Anything that fucking rewrites all of what we know about the universe needs to get its ass on my blog. It’s giant, glowy, black hole filled ass. 

That’s rad

Reblogging for the totally legit usage of the mathematical term “fucktuple.”

This gives me just about all of the science horn. I love space. 

kittykat8311:

spaceshipgolfball:

premiium:

circusmaster:

khito:

pyrrhiccomedy:

Astronomers have discovered the largest known structure in the universe, a clump of active galactic cores that stretch 4 billion light-years from end to end. The structure is a light quasar group (LQG), a collection of extremely luminous Galactic Nulcei powered by supermassive central black holes.

So that’s cool and everything, but maybe some of you would be interested to know why this is a significant find? Beyond just its record-setting bigness.

Since Einstein, physicists have accepted something called the Cosmological Principle, which states that the universe looks the same everywhere if you view it on a large enough scale. You might find some weird shit over here, and some other freaky shit over there, but if you pull back the camera far enough, you’ll find that same weird and/or freaky shit cropping up over and over again in a fairly regular distribution. This is because the universe is (probably) infinite in size and (we are pretty darn sure) has, and has always had, the same forces acting on it everywhere.

So why is this new LQG so radical? (It stands for ‘Large Quasar Group,’ btw, not ‘Light Quasar Group.’)

Well, let’s try to comprehend the scale we’re dealing with. A ‘megaparsec,’ written Mpc, is about 3.2 million light years long. The Milky Way is about 0.03 Mpc across (or 100,000 light years). The distance between our galaxy and Andromeda, our closest galactic neighbor, is 0.75 Mpc, or 2.5 million light years. LQGs are usually about 200 Mpc across. Assuming a logarithmic distribution of weird shit outliers (if you don’t know how logarithmic distribution curves work, don’t worry about it), cosmologists predicted that nothing in the universe should be more than 370 Mpc across.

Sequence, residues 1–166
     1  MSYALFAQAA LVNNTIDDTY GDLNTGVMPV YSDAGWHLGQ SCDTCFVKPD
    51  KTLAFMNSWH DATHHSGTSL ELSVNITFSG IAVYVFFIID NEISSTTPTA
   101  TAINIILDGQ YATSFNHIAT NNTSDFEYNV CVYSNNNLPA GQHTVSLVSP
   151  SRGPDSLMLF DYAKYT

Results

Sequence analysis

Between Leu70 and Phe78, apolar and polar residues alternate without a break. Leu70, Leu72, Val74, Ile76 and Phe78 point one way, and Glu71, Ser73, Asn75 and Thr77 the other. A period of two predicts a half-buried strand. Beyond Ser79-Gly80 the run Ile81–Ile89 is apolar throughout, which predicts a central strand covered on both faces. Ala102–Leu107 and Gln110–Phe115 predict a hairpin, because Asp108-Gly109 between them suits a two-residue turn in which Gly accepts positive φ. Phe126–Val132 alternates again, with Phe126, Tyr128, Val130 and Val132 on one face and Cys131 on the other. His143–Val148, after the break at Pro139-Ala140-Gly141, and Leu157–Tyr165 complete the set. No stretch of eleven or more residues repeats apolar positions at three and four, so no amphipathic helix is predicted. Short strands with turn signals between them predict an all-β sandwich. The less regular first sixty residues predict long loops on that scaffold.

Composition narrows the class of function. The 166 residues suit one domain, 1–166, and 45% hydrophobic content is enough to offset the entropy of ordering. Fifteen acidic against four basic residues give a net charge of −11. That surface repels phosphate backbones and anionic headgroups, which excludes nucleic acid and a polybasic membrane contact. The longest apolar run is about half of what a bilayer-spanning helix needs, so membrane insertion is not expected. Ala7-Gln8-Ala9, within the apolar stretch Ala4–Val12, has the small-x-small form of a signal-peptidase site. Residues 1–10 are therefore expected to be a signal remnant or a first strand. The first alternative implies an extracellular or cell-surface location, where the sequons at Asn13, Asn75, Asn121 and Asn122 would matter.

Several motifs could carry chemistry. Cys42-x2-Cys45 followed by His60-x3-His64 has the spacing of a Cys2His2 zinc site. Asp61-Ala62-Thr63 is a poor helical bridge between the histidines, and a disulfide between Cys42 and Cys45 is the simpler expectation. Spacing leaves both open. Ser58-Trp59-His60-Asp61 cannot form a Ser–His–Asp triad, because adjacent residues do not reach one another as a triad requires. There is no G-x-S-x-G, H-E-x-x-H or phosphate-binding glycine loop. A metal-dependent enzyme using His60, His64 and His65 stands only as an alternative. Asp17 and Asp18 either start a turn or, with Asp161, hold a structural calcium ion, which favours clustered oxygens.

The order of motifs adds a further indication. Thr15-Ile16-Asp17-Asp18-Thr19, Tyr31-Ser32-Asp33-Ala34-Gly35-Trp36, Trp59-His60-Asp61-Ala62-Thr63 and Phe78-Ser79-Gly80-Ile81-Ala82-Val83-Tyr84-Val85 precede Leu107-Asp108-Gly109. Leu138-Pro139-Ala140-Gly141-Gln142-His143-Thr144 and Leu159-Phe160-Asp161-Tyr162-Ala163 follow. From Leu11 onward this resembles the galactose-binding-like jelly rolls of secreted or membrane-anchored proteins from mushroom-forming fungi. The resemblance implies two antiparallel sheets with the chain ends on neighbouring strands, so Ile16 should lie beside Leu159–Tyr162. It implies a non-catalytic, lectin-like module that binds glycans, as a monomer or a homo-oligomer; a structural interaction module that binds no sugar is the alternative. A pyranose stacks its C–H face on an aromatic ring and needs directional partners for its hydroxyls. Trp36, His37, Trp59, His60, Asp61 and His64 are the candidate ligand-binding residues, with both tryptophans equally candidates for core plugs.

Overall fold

This new LQG is 1200 Mpc long. That’s four billion light years. Four BILLION LIGHT YEARS. Just to travel from one side to the other of this one thing. I mean for fuck’s sake, the universe is only about 14 billion years old! How many of these things could there be? 

Right now it looks like the Cosmological Principle might be out the window, unless physicists can find some way to make the existence of this new LQG work with the math (and boy, are they trying). And that’s totally baffling. It would mean—well, we don’t have any idea what it would mean. That the universe isn’t essentially uniform? That some ‘special’ physics apply/applied in some places but not in others? That Something Happened that is totally outside our current ability to understand or quantify stuff happening?

By the way, no one lives there. The radiation from so many quasars would sterilize rock.

Sources: 1 2 3

are you telling us astronomers have discovered something which is literally fucktuple the size of anything else previously estimated to exist

Anything that fucking rewrites all of what we know about the universe needs to get its ass on my blog. It’s giant, glowy, black hole filled ass. 

That’s rad

Reblogging for the totally legit usage of the mathematical term “fucktuple.”

This gives me just about all of the science horn. I love space. 

Anonymous asked:

If your boy/girl/otherfriend does something to hurt you, but not bad enough to break up, how should they makeup?

Talk about it, apologize but don’t grovel, figure out how to have it not happen again. Communication rocks.

lipstickonashadow

crazywolfchick:

EVERYONE’S TALKING ABOUT CORRECT GRAMMAR AND NO ONE REALIZES THAT GRAMMAR FUCKING CHANGES.

JUST AN UPDATE: THE LATEST AMERICAN GRAMMAR CONFERENCE DECIDED TWO THINGS.

ONE-THE OXFORD COMMA MUST BE USED BY K-12 STUDENTS.

TWO-IF HE/SHE SINGULAR PRONOUNS DO NOT DESCRIBE THE SUBJECT GIVEN, THEY/THEM MAY BE USED AS A SINGULAR PRONOUN, BUT ONLY IN REFERENCE TO A PERSON.

Love,
Your friendly English major